$600K Improving Undergraduate STEM Education (IUSE) Grant
The second NSF award is a $600,000 Improving Undergraduate STEM Education (IUSE) grant titled “Developing STEM Literacy and Career Paths through Inclusive Team Internships,” that will begin September 1, 2020. The program, led by Goodey, is designed to improve STEM literacy for students who are non-STEM majors through their participation in the Green Teams. The interdisciplinary leadership team includes Tuininga and Elizabeth Emery, professor of Modern Languages and Literatures, as co-principal investigators.
“What I love most about the grant is the way it highlights the importance of transdisciplinary collaboration in solving real-world problems,” says Emery. “Each Green Team is composed of students from different backgrounds who bring an array of skills and perspectives to solving sustainability challenges.”
“Because the structural model of higher education obliges students to declare a ‘major,’ we tend to forget that most students come to college with a whole range of interests and experiences that they continue to pursue in parallel with their major field,” adds Emery. “Sustainability is one of those activities. Many of the students involved in community-based sustainability initiatives are not necessarily STEM majors.They may be art, language, public health or anthropology majors and don’t necessarily see that a passionate interest in sustainability might lead to a career in the sciences or in industry.”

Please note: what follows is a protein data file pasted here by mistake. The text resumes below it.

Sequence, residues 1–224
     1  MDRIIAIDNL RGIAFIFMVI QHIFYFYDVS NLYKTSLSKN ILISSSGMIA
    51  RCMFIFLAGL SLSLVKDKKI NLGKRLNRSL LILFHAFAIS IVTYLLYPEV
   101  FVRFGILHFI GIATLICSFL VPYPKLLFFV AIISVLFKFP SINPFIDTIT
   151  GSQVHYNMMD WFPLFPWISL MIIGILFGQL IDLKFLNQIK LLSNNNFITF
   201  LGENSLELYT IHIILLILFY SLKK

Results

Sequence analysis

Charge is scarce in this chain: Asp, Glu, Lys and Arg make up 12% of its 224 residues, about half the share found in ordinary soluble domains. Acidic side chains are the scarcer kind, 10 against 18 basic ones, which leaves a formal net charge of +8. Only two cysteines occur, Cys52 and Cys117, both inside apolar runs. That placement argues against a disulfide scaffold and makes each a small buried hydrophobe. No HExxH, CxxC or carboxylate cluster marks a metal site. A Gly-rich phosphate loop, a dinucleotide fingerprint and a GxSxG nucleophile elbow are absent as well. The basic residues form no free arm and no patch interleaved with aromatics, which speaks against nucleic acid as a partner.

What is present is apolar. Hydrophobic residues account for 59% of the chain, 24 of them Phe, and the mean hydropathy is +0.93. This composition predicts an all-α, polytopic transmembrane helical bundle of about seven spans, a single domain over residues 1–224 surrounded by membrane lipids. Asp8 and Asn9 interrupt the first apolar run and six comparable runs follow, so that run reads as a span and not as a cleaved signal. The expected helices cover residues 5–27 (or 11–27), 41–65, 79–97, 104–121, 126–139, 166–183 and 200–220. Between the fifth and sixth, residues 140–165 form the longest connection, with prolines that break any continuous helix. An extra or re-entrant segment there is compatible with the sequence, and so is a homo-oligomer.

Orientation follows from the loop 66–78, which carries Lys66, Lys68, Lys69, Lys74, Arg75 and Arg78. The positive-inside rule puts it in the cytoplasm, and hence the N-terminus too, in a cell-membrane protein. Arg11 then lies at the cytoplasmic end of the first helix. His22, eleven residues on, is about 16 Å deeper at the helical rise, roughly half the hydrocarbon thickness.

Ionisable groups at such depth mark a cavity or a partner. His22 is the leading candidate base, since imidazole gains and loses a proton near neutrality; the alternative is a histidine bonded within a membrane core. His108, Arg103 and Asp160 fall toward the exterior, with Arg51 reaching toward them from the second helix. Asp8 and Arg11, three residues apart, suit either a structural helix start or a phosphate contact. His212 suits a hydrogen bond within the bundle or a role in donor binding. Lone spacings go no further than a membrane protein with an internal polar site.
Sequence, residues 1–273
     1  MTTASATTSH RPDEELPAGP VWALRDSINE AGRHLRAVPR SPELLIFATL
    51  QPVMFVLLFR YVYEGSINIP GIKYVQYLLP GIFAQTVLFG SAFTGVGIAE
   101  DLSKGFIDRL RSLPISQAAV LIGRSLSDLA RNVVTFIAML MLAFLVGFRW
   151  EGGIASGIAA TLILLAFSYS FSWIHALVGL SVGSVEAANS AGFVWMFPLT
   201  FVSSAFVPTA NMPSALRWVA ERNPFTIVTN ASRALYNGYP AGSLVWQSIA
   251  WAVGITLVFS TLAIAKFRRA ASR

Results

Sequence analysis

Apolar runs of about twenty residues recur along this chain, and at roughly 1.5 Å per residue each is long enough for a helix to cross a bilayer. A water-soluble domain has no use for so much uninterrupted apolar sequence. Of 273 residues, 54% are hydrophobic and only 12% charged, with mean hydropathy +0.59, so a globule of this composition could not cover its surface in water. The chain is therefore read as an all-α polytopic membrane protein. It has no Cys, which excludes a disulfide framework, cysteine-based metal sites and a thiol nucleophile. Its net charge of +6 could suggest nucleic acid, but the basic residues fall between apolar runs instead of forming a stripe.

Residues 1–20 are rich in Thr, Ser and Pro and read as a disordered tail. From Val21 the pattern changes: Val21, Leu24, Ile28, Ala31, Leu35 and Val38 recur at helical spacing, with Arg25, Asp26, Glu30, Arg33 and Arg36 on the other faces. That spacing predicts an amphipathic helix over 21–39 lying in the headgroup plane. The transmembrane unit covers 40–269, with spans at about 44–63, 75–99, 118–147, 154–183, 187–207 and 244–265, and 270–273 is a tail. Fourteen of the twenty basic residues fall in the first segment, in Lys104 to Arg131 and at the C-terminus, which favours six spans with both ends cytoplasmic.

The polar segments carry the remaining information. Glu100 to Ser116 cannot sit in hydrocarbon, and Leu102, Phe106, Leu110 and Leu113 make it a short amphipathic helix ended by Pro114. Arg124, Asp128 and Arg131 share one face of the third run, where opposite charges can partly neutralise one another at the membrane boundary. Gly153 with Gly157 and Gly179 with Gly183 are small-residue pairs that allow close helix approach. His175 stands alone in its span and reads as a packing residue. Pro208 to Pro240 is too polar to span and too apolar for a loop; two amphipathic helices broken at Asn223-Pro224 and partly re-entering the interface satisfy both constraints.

“When team members from different majors and backgrounds work together on challenging problems, they come up with creative and novel solutions to sustainability problems. Chemistry majors learn from English majors about how to work as a team, analyze texts and communicate clearly, and English majors learn from the chemists about energy, experimental design, data collection and data analysis,” adds Goodey. “The Green Team model provides students from all majors with insights into how they can effectively apply their skills, interests and major-specific knowledge in STEM workplaces and organizations.”
Tying it all together
Together the two grants tell a holistic story, says Goldfarb. “They see the student as a whole, not just to teach them science but to look at the student in a comprehensive way and give them and their families the support to succeed.”
In addition, the grants bring together the University’s designations as a R2 Doctoral University – High Research Activity and as a Hispanic-Serving Institution. “This is tying everything together,” says Goldfarb.
“It’s more important than ever to help support those students who are most vulnerable, those who most struggle already to make their way through the STEM academic coursework into STEM careers,” says Vice Provost for Research and Dean of The Graduate School Scott Herness. “These are the students who leave STEM in high numbers already, and the current situation is likely going to increase the pressure on these students to leave.”
Adds Tuininga, “We hope that the hands-on learning experiences and internships offered in partnership with corporations, municipalities and other organizations will help these students to move toward completion of their STEM degrees and into STEM careers.”
Story by Staff Writer Mary Barr Mann.